Everything that Fred Astaire did, Ginger Rogers did backwards, and in high heels

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Author: Connie R. Curran
Date: January-February 2007
From: Nursing Economics(Vol. 25, Issue 1)
Publisher: Jannetti Publications, Inc.
Document Type: Article
Length: 786 words

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WE HAVE ALL WATCHED the wonderful dance scenes where Fred and Ginger seemed to float over the dance floor, swirl seamlessly, and smile the entire time. There is a leadership lesson in those dance scenes: select your partner wisely. No matter how talented Fred was, Ginger needed to be more talented. She was going to do all those steps in reverse, and in high heels. Fred's talent would have been wasted if his partner slipped and stumbled. How do we as nurse leaders select our partners?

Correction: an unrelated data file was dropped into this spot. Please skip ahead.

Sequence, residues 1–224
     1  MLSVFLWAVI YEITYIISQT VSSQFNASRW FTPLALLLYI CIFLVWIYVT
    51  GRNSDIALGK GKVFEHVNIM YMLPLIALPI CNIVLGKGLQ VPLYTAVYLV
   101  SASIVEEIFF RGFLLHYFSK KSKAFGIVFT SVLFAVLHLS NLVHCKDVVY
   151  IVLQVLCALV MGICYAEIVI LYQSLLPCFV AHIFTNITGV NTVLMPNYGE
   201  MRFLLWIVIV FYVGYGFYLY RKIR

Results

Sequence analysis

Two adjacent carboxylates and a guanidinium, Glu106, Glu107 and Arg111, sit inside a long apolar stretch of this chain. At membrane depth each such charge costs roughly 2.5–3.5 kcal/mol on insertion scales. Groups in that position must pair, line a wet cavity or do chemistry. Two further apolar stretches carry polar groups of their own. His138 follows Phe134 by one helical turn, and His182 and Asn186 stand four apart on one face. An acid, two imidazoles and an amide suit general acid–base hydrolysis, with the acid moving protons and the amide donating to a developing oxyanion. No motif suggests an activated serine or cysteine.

Leadership requires effective interactions with many individuals, but those interactions are not the same as true partnerships. Strategic alliances are mutually beneficial long-term relationships formed to pursue a set of goals or to meet a critical need while remaining independent organizations. These alliances are synergistic arrangements whereby each partner brings different strengths and capabilities to the arrangement. Many of us have witnessed the formation of partnerships between hospitals. These partnerships were usually mergers or acquisitions, where one organization was actually taking over the governance and management of the other. A strategic alliance does not involve one organization controlling the other. Rather, an alliance is a way for organizations to work...

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Source Citation
Curran, Connie R. "Everything that Fred Astaire did, Ginger Rogers did backwards, and in high heels." Nursing Economics, vol. 25, no. 1, Jan.-Feb. 2007, pp. 5+. Accessed 1 Feb. 2023.

Gale Document Number: GALE|A160332314